Posts by Gene Policinski:
All application materials must be submitted by Oct. 4 for the 2014 competition, scheduled for Feb. 20-21, 2014.
Americans are engaged in what is a historic – at least, by virtue of being largely electronic – national discussion over national priorities and military options.
The First Amendment is the means, mechanism and method by which we use freedom to participate in self-governance and work to achieve Martin Luther King’s vision of equality.
In-house ombudsmen who publicly criticize bad reporting by their news organizations help the public judge news-media credibility.
Can Amazon founder sustain focus on holding government accountable in an era of news as celebrity fluff and pundit chatter?
We’re only in the early rounds of balancing legitimate national-security concerns against over-classification and with the need of the public for accurate information on what its government is doing.
If you don’t like the glam-rock picture of accused Boston Marathon bomber Dzhokhar Tsarnaev, then don’t buy the magazine.
State of the First Amendment survey showing steep rise in number of people saying First Amendment goes too far is cause for concern for the freedoms that make us who we are.
Journalists – reporters and photographers – are being arrested while reporting on public demonstrations or police activity on matters of public interest.
Shouting down or drowning out speakers is not an exercise is free speech. No ideas are exchanged when the speech from one party or group is simply designed to inhibit the speech of another.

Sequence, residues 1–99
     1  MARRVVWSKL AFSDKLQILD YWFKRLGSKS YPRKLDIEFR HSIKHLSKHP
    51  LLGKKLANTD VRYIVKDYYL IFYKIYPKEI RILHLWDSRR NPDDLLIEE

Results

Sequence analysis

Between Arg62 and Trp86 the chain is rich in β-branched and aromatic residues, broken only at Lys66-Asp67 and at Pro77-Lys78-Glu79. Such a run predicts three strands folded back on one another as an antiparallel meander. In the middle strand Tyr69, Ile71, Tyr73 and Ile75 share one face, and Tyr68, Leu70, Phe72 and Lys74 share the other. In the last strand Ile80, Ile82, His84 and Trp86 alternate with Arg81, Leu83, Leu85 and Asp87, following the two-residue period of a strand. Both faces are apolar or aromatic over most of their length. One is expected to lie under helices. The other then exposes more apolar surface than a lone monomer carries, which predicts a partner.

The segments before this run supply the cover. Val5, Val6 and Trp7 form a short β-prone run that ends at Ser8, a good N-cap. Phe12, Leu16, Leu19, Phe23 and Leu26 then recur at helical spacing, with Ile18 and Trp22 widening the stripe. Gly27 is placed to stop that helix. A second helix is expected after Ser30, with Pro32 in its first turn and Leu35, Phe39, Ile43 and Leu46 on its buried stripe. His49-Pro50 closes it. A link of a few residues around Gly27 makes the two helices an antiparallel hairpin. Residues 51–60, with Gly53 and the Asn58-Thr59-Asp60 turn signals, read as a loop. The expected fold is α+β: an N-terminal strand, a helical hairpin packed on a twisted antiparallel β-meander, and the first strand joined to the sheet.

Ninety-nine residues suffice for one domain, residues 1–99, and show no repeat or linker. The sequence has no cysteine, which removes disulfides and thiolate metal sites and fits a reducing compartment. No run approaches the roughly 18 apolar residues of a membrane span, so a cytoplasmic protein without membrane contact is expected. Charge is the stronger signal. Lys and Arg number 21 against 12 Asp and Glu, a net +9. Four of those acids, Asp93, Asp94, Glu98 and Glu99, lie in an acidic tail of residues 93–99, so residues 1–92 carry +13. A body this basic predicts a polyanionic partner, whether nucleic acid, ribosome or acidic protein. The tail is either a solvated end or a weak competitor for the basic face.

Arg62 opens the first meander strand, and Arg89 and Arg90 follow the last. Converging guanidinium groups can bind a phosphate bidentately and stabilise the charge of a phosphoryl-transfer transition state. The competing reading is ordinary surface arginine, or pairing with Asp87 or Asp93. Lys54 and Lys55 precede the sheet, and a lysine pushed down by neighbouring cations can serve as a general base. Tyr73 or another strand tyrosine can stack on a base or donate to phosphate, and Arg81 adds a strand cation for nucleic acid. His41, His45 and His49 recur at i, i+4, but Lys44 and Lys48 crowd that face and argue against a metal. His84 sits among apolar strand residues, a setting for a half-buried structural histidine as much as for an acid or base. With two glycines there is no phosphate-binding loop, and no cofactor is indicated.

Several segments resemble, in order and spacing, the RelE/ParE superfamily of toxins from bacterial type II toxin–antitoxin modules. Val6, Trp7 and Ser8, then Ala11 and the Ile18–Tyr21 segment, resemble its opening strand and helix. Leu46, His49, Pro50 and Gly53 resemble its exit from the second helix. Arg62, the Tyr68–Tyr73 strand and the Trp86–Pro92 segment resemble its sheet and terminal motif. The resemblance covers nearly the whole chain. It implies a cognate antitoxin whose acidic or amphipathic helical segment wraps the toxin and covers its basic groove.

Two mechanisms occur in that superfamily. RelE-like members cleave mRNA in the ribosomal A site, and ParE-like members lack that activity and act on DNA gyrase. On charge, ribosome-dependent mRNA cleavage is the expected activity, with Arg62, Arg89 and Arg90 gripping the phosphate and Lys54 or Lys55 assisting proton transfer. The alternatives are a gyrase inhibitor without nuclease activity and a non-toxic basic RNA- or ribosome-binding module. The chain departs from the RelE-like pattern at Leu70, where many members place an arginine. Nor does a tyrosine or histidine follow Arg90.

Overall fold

An irony of timing twice has put U.S. Army Pfc. Bradley Manning in the headlines at critical moments in gaining congressional approval of a federal shield law that would protect journalists and their confidential sources.
Will the government ever do it – charge a reporter under the Espionage Act with endangering national security for disclosing classified information?
No journalist ever has been prosecuted for receiving and writing about such leaked information. Two recent controversies raised questions of how far the Justice Department officials might go in investigations of such “leaks.”
Freedom to report the news requires the freedom to gather it. In the months ahead, that basic concept – so central to the First Amendment’s protection of a free press – will also be at the heart of the ongoing debate over how far government officials may go in pursuit of those responsible for “leaking” classified information to journalists.
What The Associated Press calls “a massive and unprecedented intrusion by the Department of Justice”(DOJ) into its news gathering activities is more than an affront to a free press — it’s a direct challenge.
The news that an office of the Internal Revenue Service had targeted for review a number of groups with names that included “patriot” or “tea party” is chilling enough to hear – but there’s even more reason to be concerned from a First Amendment perspective.